Submitted by: Michelle East, Art Teacher (3rd-HS Art) Michelle's website:http://createartwithme.com/ Title of Lesson: Beyond the Border Grade level: High School
This lesson is geared toward upper middle school and high school art. It can be modified to upper elementary by shrinking the size of the paper and using ink pens for the contour lines. For elementary students who have difficulty drawing rectangles, a ruler may be used.
The "Rule of Thirds" is used to create a focal point in the picture. This rule applies both horizontally and vertically. Watercolor painting techniques were covered prior to this lesson. This watercolor lesson is one of several on this website you could use.
Goals / Objectives:
Learn how each of the elements and principles works to make the work successful as a painting.
- Create a unified composition by incorporating elements used within the border also beyond the border
- Explore the use of color as a means of emphasis inside the border and contrast through black & white design beyond the border.
Creating Textures in Pen & Ink with Watercolor - This is a wonderful book for anyone interested in pen and ink drawing. Instead of trying to explain techniques in detailed text, the book shows you step by step with color illustrations. It is written for all levels and the instructions are easy to follow. There is information on types of lines, value and contrast. A wide variety of techniques are also covered including dry surface, damp surface, wet on wet, spatter, blotting, impression, stamping and salt and alcohol.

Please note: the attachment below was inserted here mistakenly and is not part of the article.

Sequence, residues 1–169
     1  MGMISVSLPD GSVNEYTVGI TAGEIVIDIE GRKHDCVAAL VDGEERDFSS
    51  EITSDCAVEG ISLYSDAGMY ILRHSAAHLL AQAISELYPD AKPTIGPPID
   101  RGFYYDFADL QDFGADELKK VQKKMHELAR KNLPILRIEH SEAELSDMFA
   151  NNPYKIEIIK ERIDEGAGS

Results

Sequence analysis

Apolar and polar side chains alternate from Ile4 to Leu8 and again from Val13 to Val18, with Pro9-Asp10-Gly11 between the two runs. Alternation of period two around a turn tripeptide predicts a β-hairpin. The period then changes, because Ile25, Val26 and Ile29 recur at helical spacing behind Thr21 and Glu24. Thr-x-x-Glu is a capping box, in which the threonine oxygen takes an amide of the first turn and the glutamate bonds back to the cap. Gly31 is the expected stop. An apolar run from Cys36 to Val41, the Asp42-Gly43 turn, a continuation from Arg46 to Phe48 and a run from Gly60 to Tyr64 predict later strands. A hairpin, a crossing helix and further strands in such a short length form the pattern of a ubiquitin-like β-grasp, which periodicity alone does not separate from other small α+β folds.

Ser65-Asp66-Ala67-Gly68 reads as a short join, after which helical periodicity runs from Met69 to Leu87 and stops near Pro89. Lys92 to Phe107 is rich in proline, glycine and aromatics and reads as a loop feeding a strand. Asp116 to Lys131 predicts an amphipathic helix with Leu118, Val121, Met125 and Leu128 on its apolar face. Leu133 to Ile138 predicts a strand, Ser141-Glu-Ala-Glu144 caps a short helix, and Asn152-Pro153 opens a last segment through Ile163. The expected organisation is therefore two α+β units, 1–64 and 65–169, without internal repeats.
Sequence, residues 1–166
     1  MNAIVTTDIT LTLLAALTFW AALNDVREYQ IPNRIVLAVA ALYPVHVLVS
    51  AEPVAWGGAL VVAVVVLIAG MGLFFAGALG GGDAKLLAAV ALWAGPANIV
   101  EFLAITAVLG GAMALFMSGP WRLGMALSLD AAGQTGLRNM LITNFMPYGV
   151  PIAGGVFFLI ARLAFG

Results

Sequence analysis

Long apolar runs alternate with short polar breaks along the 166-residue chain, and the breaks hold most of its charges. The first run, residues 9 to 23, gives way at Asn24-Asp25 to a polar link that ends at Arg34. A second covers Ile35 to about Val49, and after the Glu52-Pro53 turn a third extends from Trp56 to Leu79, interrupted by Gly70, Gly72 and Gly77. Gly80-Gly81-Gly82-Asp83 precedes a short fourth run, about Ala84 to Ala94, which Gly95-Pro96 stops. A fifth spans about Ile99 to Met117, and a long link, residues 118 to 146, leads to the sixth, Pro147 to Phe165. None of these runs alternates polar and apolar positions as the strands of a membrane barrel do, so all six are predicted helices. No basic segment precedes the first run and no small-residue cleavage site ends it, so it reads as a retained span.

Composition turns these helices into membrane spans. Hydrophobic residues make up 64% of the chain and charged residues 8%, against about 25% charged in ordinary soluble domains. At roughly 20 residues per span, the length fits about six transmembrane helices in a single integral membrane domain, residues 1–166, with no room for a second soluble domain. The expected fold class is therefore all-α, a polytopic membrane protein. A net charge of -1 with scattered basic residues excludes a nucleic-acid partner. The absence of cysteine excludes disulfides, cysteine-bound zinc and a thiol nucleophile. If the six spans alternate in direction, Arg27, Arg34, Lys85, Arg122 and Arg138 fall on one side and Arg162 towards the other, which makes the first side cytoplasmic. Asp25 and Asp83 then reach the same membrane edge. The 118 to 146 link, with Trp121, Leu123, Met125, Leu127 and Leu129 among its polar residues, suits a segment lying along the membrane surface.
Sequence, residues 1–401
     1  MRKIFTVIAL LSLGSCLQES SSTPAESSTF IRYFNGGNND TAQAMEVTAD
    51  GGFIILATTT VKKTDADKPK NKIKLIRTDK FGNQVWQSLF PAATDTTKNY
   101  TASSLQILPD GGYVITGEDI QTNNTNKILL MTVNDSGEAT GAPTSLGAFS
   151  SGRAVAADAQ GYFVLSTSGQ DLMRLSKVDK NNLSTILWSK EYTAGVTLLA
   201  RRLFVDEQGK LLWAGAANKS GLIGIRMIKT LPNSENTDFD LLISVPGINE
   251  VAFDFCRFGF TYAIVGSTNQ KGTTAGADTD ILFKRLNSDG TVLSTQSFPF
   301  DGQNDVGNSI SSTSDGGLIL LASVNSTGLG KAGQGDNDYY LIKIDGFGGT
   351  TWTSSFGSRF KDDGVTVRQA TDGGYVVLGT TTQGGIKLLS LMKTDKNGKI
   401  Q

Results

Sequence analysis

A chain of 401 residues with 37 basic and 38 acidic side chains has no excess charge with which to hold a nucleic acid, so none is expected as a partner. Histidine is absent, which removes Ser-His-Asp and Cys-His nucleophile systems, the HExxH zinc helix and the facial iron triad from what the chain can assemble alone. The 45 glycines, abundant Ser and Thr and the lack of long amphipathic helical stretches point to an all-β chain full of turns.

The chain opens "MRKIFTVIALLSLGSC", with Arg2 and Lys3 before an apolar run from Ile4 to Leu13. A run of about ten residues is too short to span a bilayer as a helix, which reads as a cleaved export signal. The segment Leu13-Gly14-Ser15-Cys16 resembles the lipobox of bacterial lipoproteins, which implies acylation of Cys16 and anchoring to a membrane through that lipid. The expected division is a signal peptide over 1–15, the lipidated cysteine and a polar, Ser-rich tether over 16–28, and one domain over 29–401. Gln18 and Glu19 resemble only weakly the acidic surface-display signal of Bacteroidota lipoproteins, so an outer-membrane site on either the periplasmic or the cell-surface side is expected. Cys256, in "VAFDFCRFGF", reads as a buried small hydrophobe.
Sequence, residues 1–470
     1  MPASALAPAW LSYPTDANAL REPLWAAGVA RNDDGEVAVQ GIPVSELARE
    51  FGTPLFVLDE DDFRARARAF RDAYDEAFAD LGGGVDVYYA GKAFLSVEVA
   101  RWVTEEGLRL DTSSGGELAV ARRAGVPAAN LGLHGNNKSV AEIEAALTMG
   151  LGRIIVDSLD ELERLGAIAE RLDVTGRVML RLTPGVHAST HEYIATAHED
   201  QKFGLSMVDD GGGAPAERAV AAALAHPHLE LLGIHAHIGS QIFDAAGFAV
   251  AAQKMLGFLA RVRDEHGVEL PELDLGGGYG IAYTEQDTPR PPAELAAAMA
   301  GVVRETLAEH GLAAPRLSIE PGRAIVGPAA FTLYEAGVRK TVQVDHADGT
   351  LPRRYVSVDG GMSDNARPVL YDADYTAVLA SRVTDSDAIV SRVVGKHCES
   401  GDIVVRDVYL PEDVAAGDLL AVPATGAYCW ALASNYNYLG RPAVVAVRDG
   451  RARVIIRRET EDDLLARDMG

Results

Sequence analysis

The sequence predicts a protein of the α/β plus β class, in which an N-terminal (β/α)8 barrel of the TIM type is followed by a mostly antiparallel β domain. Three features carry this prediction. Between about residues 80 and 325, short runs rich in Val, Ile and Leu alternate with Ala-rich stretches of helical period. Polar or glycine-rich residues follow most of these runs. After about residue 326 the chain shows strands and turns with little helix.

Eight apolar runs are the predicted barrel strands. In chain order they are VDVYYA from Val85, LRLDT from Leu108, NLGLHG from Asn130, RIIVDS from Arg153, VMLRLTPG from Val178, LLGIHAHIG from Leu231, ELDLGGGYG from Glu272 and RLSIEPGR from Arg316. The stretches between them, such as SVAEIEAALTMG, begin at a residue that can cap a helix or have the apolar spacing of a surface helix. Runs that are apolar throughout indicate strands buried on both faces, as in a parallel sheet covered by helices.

1. Line-leading lines or compositional lines
2. Color, color schemes, color contrast
3. Value & Lighting
5. Balance- visual
1. Choose your subject matter. Ideas include colorful insects, butterflies, birds, flowers, candy, sea-life with flowing fins or tentacles.
2. Using a sketchbook, draw at least one rough sketch of your design.
a. Start with a light contour line for the outside border. 3.5" (8.9 cm) from each side of the paper, draw a rectangle.
b. Use the Rule of Thirds to place your focal point.
c. Expand your design beyond the rectangle to the outside border of the paper.
3. When done with a sketch you're happy with, have your design approved by the teacher. Once approved, begin drawing it on the illustration board.
4. Start out drawing the final version of your draft by making sure your rectangle is 3 1/2" (8.9 cm) in from each side of the paper.
5. Lightly draw your main subject matter.
6. Don't fill your paper outside the rectangle with the background. Only extend parts of the background in ink to the edge of the page.
7. Paint the main subject of your picture with watercolors both inside and outside the rectangle. Only the colored part of the background should appear inside the rectangle.
8. Use India Ink to apply the contour lines and shading (using cross-hatching or something similar) on top of the watercolor portion when it's dried. Do the same beyond the border of the rectangle but do not add color. This part will only be black and white.
Students illustrated continuity throughout the picture both inside and outside the rectangle. The picture shows a unified composition throughout the picture. Students successfully created an area of the picture that shows emphasis by using color. Students used both positive and negative space well.